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Mon Oct 7, 2013, 03:41 AM

What's the difference between bribery and funding for politicians?

Since the Koch brothers' businessman's network worked with Republicans to create this current crisis, and since you can bet they are protecting their positions in regard to any economic fallout if (tho it seems like when) the House refuses to fund the govt. debt - which will have international repercussions...

anyway, members of the House can be impeached for bribery, treason, high crimes, etc...

why isn't it bribery when a small group of businessmen act in their interest to the detriment of the majority of the people of this nation?

Since bribery is defined as The offering, giving, receiving, or soliciting of something of value for the purpose of influencing the action of an official in the discharge of his or her public or legal duties.
...

it seems that the way elections are funded are themselves bribery.

Can someone explain the difference between the current set up and bribery?

21 replies, 1172 views

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Arrow 21 replies Author Time Post
Reply What's the difference between bribery and funding for politicians? (Original post)
RainDog Oct 2013 OP
Edim Oct 2013 #1
Edim Oct 2013 #3
JackInGreen Oct 2013 #19
Warren DeMontague Oct 2013 #2
RainDog Oct 2013 #4
Warren DeMontague Oct 2013 #5
RainDog Oct 2013 #6
Warren DeMontague Oct 2013 #14
RainDog Oct 2013 #13
RainDog Oct 2013 #21
LeftishBrit Oct 2013 #7
RainDog Oct 2013 #10
DeSwiss Oct 2013 #8
RainDog Oct 2013 #9
DeSwiss Oct 2013 #11
RainDog Oct 2013 #12
Alkene Oct 2013 #15
riqster Oct 2013 #16
hue Oct 2013 #17
Bernardo de La Paz Oct 2013 #18
RainDog Oct 2013 #20

Response to RainDog (Original post)

Mon Oct 7, 2013, 03:49 AM

1. No difference. nt

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Response to Edim (Reply #1)

Mon Oct 7, 2013, 03:53 AM

3. Actually,

bribery is not as bad because it's generally recognized as very destructive, while funding for politicians not so much.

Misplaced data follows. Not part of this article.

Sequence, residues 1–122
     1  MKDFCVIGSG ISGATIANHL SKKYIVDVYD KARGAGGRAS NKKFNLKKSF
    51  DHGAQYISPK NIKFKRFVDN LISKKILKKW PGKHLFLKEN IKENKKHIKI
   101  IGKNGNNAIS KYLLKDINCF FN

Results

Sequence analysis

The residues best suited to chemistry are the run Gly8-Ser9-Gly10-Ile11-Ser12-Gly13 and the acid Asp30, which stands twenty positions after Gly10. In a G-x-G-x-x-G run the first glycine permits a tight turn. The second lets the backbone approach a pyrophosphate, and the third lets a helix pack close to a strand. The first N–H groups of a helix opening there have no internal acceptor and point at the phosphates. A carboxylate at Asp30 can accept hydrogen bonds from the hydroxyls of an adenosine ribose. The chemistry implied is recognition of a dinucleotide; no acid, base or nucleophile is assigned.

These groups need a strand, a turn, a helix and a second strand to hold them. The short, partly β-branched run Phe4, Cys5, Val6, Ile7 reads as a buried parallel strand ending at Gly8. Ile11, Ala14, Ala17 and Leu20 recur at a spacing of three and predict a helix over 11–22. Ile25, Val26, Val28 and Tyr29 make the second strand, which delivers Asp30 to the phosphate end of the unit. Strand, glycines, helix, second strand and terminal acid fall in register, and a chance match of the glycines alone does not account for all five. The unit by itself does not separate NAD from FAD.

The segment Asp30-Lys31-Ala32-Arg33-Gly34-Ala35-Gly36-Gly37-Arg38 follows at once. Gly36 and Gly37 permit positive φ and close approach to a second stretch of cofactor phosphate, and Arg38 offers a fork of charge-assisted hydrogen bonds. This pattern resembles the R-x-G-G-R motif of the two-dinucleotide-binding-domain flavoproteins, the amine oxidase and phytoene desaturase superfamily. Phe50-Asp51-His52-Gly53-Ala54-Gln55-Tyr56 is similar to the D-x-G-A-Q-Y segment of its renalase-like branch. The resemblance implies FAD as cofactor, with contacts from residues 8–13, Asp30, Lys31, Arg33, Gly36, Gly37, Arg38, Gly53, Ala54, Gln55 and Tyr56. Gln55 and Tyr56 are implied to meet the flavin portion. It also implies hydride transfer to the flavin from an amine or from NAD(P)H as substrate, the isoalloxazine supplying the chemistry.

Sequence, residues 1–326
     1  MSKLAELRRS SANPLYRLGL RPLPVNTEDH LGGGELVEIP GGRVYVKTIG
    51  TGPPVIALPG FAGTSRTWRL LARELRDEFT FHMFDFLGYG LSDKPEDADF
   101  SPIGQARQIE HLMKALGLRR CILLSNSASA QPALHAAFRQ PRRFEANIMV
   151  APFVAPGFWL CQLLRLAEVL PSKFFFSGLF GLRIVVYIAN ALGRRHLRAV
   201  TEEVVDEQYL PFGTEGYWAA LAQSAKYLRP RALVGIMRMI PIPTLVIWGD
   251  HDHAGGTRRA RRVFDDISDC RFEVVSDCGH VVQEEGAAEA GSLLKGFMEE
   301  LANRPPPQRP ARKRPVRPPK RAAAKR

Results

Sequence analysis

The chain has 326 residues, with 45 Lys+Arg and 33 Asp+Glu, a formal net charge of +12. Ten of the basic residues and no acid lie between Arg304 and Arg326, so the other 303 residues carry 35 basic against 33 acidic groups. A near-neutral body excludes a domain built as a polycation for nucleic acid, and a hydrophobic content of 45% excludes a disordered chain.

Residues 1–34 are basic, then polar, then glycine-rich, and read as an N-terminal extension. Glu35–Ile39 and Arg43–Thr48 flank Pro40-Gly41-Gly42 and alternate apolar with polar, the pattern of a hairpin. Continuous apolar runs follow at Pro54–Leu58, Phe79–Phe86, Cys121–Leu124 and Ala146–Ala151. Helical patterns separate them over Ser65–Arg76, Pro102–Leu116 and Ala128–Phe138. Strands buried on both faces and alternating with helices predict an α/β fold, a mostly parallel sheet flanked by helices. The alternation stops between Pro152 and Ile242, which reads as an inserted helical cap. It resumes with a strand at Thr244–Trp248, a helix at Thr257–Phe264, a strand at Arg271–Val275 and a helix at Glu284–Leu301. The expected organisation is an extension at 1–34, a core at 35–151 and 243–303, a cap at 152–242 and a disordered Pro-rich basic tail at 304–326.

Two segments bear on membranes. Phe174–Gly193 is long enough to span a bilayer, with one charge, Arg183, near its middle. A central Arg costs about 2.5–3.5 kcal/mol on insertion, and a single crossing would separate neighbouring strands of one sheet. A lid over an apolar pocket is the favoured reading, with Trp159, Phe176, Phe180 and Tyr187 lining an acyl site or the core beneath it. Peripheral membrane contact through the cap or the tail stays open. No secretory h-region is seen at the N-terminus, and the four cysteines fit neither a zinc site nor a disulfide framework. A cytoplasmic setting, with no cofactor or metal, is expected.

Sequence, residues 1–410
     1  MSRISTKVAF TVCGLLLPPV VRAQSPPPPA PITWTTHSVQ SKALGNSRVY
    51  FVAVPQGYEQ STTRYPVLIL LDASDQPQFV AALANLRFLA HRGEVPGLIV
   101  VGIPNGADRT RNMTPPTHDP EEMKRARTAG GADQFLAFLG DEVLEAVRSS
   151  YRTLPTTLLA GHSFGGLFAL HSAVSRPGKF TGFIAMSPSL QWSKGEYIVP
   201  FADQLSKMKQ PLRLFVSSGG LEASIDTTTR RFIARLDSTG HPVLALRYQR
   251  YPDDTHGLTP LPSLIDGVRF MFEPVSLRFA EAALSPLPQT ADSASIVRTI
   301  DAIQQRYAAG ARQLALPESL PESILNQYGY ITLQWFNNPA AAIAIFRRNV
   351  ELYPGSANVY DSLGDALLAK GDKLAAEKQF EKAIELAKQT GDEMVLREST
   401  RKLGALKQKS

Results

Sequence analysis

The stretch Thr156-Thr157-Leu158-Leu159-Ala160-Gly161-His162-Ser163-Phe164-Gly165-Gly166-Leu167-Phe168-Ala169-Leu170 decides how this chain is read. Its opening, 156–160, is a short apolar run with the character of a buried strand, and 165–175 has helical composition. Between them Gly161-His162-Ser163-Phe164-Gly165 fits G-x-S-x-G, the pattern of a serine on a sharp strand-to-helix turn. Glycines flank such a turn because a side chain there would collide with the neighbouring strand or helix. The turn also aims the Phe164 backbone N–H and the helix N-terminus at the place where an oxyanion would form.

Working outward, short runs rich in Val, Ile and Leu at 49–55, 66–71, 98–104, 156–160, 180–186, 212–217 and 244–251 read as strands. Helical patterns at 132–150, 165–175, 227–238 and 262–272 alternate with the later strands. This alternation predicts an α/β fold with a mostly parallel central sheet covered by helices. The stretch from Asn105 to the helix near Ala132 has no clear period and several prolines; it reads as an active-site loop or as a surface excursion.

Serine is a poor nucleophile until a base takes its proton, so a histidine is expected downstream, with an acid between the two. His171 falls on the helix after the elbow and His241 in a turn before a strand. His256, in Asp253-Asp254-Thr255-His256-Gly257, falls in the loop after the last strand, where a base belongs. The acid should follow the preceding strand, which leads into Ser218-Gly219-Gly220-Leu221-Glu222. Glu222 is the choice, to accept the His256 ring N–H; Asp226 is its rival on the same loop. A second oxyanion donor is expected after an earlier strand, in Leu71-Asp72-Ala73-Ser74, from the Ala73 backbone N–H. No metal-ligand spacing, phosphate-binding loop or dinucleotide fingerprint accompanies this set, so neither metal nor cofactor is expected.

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Response to Edim (Reply #3)

Mon Oct 7, 2013, 06:42 AM

19. I would agree

by and large the damage is not recognized, but just as present.

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Response to RainDog (Original post)

Mon Oct 7, 2013, 03:49 AM

2. bribery is when you give a politician money in exchange for them voting the way you want...

funding for politicians is when you give a politician money that they can use for their campaigns, and then they pretend like it's not in exchange for them voting the way you want, but let's get real.

I think you know this, but that's my synopsis.

Unfortunately Citizens United makes the situation way worse, obviously.

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Response to Warren DeMontague (Reply #2)

Mon Oct 7, 2013, 03:56 AM

4. it's curious

to me - the elision of reality.

I mean - it's okay for a group to meet and give marching orders to the teahadists who, overall, seem dumb as a box of rocks in some ways.

http://www.nytimes.com/2013/10/06/us/a-federal-budget-crisis-months-in-the-planning.html?pagewanted=1&_r=2

Shortly after President Obama started his second term, a loose-knit coalition of conservative activists led by former Attorney General Edwin Meese III gathered in the capital to plot strategy. Their push to repeal Mr. Obama’s health care law was going nowhere, and they desperately needed a new plan.

Out of that session, held one morning in a location the members insist on keeping secret, came a little-noticed “blueprint to defunding Obamacare,” signed by Mr. Meese and leaders of more than three dozen conservative groups.

It articulated a take-no-prisoners legislative strategy that had long percolated in conservative circles: that Republicans could derail the health care overhaul if conservative lawmakers were willing to push fellow Republicans — including their cautious leaders — into cutting off financing for the entire federal government.

“We felt very strongly at the start of this year that the House needed to use the power of the purse,” said one coalition member, Michael A. Needham, who runs Heritage Action for America, the political arm of the Heritage Foundation. “At least at Heritage Action, we felt very strongly from the start that this was a fight that we were going to pick.”


So, basically, it's that bribery is legal if someone does it under the umbrella of a political organization, but illegal if someone does it one on one... even tho the consequences of the first situation are generally more harmful than the second?

Really. I was reading up on impeachment of House members and it made me wonder why some things are bribery and others aren't.

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Response to RainDog (Reply #4)

Mon Oct 7, 2013, 04:02 AM

5. Ed Meese.

well, well, what a surprise.